In The Name Of Progress

Illegal Human Labor Trafficking Within Government Contracts

By Sindhu P. Kavinnamannil, CFE;Sam W. McCahon, J.D., LLM


The people most likely to become victims of human labor trafficking are nationals of the poorest of countries who are working in unskilled and semi-skilled positions on military bases in Iraq and  Afghanistan. The authors’ investigations have revealed widespread fraud. 


  The views expressed here are not necessarily those of the ACFE, its executives or employees. – ed. 


2011-MayJune-illegal-trafficI steeled myself as I drove into an Iraqi labor camp that supported U.S. base operations. It was the middle of a summer day with temperatures climbing to 125 degrees Fahrenheit. My company was establishing a corporate compliance program for the firm providing these operations to the U.S. Army. We had already interviewed several hundred men during the assessment phase, and I (Sindhu) needed to do some follow-up.   

As I drove in, I saw a man carrying a four-foot stick beating some men and shouting obscenities at them. The men were company employees waiting in a long line outside one of the trailers. I jumped out of the vehicle, ran toward them, grabbed the stick and demanded to know what he was doing. He said, "Madam, I was placed in charge of these men to keep them in line until the meals arrive." One of the employees, "Kumar," from India, whom I had interviewed during a prior visit, came forward and said, "Madam, we have been waiting in this line the past four hours; we are hungry, thirsty and tired from waiting in this hot sun. We need our food soon, or let us go back to our trailer and have some water. Madam we need help!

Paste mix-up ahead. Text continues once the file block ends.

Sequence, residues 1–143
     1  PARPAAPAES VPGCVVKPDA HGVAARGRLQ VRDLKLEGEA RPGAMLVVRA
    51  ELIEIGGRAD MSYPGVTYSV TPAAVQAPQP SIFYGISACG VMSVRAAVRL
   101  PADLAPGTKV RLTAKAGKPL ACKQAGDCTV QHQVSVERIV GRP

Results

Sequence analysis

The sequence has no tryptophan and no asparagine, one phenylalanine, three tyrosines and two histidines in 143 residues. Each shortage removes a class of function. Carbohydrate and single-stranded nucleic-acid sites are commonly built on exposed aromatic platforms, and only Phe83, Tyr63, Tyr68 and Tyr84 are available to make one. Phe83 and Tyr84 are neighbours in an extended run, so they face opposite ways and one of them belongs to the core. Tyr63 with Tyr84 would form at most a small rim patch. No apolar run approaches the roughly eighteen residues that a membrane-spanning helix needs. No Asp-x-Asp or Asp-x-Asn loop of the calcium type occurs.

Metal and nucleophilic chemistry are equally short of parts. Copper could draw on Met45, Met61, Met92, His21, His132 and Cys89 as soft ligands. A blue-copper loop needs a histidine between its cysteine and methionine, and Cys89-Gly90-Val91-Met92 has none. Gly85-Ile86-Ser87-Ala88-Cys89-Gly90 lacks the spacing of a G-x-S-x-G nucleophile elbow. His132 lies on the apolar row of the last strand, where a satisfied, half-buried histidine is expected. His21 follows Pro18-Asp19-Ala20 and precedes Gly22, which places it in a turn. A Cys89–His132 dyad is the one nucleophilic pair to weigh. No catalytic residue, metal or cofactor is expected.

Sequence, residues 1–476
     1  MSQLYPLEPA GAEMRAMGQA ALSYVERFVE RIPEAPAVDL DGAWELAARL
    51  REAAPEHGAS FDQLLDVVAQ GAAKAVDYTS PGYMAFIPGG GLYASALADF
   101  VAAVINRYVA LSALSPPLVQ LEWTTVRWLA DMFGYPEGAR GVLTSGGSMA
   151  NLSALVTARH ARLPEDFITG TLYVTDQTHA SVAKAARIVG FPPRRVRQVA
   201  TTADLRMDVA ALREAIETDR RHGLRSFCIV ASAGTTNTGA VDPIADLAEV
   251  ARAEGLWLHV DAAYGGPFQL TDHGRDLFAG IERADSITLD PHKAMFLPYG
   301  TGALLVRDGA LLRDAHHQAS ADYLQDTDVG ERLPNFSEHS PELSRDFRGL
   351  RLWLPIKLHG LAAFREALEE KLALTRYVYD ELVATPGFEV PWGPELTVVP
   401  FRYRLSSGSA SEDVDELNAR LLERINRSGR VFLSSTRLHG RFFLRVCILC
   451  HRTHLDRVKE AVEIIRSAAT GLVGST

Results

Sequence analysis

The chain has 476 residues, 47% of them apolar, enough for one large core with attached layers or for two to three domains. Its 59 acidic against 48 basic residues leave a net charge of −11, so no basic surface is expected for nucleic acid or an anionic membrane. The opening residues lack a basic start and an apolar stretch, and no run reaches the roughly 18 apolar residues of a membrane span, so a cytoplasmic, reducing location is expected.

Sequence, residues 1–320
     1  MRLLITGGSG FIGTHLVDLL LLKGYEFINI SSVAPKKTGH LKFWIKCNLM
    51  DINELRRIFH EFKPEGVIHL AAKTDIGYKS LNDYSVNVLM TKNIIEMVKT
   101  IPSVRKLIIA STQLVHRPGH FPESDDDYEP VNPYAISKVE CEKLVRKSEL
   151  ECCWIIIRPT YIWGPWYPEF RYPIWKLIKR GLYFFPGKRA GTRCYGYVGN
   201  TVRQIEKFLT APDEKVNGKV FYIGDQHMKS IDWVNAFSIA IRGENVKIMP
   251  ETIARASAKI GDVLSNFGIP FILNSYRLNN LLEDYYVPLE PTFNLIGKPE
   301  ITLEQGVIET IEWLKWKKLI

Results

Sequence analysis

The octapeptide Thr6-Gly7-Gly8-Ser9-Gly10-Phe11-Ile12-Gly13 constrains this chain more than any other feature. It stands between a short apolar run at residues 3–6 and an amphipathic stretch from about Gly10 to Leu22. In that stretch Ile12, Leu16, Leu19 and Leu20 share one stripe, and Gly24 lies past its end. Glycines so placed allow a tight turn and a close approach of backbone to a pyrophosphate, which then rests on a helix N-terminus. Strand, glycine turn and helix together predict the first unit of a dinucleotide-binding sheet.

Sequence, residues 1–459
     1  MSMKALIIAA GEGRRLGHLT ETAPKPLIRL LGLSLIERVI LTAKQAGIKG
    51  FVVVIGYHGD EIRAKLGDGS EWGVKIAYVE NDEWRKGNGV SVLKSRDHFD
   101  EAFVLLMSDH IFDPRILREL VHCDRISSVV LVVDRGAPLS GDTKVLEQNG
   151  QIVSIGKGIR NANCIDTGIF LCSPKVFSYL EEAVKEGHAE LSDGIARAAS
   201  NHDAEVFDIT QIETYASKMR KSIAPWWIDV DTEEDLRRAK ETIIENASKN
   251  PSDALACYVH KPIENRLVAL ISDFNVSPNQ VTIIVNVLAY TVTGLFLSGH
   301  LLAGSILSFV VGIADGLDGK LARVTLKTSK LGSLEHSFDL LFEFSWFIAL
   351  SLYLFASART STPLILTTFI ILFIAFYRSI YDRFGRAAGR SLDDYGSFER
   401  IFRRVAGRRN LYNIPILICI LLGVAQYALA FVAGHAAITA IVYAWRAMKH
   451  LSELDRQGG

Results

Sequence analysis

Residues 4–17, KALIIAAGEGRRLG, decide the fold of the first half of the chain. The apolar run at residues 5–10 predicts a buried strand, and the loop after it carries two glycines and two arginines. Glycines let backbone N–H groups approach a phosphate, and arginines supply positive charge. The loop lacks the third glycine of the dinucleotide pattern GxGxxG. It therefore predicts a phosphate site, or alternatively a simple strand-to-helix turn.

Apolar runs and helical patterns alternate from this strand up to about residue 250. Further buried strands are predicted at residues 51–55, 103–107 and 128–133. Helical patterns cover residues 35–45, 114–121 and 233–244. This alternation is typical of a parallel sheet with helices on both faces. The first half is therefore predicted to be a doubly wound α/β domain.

"The last three months we have been facing this problem," Kumar said. "Also, we don't have toilet paper and soap, and above all, we are not given a chance to call home." I asked about Kumar's friend, "Ramesh," a fellow villager whom I had also interviewed a few weeks earlier. "Ramesh is no more!" Kumar said.


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